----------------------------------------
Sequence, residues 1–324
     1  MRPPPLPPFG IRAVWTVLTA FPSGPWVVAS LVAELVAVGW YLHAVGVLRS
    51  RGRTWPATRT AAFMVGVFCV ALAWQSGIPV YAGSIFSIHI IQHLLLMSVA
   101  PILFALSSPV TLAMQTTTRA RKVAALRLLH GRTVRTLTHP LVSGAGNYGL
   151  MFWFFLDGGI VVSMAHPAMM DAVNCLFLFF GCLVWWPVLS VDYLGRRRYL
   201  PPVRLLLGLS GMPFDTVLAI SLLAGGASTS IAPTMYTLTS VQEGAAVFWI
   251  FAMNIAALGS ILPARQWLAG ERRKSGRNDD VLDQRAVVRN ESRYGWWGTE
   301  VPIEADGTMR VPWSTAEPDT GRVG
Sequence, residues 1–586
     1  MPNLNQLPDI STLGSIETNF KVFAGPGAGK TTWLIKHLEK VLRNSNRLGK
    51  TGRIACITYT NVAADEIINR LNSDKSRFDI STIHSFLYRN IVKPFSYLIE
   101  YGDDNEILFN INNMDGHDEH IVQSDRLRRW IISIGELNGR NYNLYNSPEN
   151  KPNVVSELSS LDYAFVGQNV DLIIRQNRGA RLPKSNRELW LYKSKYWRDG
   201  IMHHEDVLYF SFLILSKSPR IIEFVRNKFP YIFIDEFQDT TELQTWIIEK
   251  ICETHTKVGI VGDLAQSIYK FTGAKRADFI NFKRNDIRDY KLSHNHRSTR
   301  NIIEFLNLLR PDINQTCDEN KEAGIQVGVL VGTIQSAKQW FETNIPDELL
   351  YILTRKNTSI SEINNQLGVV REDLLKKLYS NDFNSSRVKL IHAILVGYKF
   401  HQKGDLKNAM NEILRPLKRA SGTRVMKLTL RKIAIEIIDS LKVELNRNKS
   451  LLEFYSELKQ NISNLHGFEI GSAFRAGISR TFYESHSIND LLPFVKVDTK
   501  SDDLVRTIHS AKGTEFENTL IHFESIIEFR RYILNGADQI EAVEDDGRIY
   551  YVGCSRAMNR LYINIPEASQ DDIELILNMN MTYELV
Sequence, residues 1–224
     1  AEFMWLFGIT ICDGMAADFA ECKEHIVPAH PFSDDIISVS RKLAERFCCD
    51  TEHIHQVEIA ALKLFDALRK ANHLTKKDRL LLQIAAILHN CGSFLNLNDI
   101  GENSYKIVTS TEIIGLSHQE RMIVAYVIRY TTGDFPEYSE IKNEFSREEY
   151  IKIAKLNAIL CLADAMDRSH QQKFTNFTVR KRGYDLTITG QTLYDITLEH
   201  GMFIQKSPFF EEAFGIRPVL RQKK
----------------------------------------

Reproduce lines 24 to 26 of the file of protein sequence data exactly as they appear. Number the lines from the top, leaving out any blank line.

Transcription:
    51  TEHIHQVEIA ALKLFDALRK ANHLTKKDRL LLQIAAILHN CGSFLNLNDI
   101  GENSYKIVTS TEIIGLSHQE RMIVAYVIRY TTGDFPEYSE IKNEFSREEY
   151  IKIAKLNAIL CLADAMDRSH QQKFTNFTVR KRGYDLTITG QTLYDITLEH